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John Boyes, one of 224 convicts transported on the Eliza, 02 February 1831
Name, Aliases & Gender
Birth, Occupation & Death
|Date of Birth:
|Date of Death:
life span was 55 years*
* Median life span based on contributions
Conviction & Transportation
Sentenced to 7 years
||Southampton Special Gaol Delivery
2nd February, 1831
29th May, 1831
|Place of arrival
||Van Diemen's Land
Travelled with 223 other convicts
||Australian Joint Copying Project. Microfilm Roll 89, Class and Piece Number HO11/8, Page Number 6
||This record is one of the entries in the British convict transportation registers 1787-1867 database compiled by State Library of Queensland from British Home Office (HO) records which are available on microfilm as part of the Australian Joint Copying Project.
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Helen Lawson on 29th September, 2012 wrote:
John Boyes and his unfortunate involvement with the “Swing Riots”
The following story was copied from mikepettigrew1 ancestry storey which was copied from “Wikipedia” on the 24th May, 2011:
In 1830, on November the 23rd, there was a riot in Owslebury. This was part of the wave of discontent among agricultural workers which had spread across southern England and expressed itself as the Swing Riots. A large mob formed and moved from farm to farm demanding money and threatening to destroy agricultural machinery. At Rosehill they assaulted Lord Northesk’s steward, Moses Stanbrook, wrecked a winnowing machine, and extorted £5. John Boyes, a local farmer, accompanied the mob demanding that farmers and landlords sign an undertaking which read “We, the undersigned, are willing to give 2s. per day to our married labourers, and 9s. per week to single men, in consideration of having our rent and tithes abated in proportion”. At Marwell Hall the lady of the house, Mrs. Alice Long, gave the mob £5 and signed John’s document. Eventually the mob retreated to Owslebury Down. Nine people had signed John Boyes’ document.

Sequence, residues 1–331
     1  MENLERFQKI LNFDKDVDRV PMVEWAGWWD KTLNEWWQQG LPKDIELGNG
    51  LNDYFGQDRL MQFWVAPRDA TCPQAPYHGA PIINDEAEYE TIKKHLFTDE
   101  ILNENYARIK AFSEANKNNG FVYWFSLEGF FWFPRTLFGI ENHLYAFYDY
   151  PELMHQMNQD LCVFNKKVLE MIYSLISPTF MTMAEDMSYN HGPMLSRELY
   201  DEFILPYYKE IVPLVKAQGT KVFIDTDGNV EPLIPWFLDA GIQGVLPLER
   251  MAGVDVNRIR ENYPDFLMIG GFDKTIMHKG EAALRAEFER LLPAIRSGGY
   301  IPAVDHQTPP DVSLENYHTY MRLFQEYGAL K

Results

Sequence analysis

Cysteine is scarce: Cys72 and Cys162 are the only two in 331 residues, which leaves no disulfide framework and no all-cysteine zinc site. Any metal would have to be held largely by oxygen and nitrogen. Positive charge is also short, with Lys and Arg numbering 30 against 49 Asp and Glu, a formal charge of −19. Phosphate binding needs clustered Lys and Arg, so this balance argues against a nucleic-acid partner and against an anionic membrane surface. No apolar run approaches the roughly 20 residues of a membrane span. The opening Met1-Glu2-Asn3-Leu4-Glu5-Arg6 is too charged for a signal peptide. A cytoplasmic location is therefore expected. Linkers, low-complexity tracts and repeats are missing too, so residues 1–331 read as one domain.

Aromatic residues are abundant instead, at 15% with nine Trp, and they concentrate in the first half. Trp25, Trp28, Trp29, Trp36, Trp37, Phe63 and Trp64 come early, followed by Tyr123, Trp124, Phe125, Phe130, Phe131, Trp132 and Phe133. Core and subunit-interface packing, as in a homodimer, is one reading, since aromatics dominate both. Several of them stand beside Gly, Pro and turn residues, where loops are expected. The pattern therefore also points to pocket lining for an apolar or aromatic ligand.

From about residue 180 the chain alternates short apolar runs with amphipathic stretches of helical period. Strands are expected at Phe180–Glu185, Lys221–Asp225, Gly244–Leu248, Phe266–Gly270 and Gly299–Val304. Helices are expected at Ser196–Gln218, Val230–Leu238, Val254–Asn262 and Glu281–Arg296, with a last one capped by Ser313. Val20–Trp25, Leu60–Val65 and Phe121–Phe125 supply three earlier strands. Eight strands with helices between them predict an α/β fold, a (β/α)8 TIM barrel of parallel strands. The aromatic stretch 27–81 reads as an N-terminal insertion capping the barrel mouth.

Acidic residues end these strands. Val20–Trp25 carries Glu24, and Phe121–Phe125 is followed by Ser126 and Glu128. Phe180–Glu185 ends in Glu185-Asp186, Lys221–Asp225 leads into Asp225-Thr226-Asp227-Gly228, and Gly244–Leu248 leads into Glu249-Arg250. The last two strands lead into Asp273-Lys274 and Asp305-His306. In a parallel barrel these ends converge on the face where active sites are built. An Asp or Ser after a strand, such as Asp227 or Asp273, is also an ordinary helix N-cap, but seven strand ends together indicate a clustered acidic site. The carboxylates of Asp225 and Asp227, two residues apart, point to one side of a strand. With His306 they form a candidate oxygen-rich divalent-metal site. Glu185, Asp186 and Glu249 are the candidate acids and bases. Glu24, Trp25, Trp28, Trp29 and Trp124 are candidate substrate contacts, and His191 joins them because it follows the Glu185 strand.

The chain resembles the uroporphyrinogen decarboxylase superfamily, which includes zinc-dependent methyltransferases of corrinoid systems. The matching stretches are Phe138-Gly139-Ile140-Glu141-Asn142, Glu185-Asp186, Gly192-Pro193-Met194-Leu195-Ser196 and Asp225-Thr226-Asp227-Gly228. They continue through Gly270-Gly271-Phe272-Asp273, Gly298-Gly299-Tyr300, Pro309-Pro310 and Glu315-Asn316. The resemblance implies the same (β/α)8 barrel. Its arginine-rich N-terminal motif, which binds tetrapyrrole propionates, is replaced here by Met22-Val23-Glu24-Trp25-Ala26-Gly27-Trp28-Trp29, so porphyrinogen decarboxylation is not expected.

The rioters were tried in Winchester at the end of the year and several were executed. There was a good deal of sympathy for John Boyes and he was twice acquitted before eventually being found guilty and sentenced to be transported to Van Diemen’s Land for seven years. The trials were reported in The Times in December 1830 and January 1831. John Boyes did not complete his sentence. In 1835 the Home Secretary, Lord Melbourne, pardoned him and he returned home to his wife, Faith, and their children, in June of that year to continue farming in Owslebury. He died in Hensting in 1856.
A folk song called “The Owslebury Lads”, collected in the early 20th century, recalls these events. It can be heard sung by Stev Jordan on the CD “Folk Songs of Hampshire”.
End of the “Wikipedia” extract.
See the following “Wikipedia” web page for more information about Owslebury in Hampshire, England, including additional links to sites with further “swing riot” details:
Information concerning John Boyes’ arrival on the island now known as Tasmania can be viewed on-line via the Tasmanian Archives Online database, see:
The details about John Boyes are recorded on the bottom half of page 112 of a large leather bound volume of plain paper pages in which information about all newly arrived, transported convicts was recorded. This particular page currently has the following web page address:
Recorded details include the information that John Boyes arrived in Tasmania on the 28th May, 1831, having been “transported” from England on a ship called the, “Eliza”.
His wife was named as Faith Boyes and it was recorded that they had 10 children.
It was also noted, subsequently, that John Boyes would, “receive a free pardon at the expiration of 4 years from the period of his conviction provided his conduct shall have been good”.
The “Wikipedia” entry, as copied above, reports that John Boyes actually returned home in June 1835. I haven’t seen a primary record to confirm that fact, but the 1841 and 1851 census records, followed by his 1856 death certificate, issued by the Winchester (England) Registration District, confirm that John Boyes had certainly returned to Owslebury, and his family, by 1841.
Convict Changes History
Helen Lawson on 29th September, 2012 made the following changes: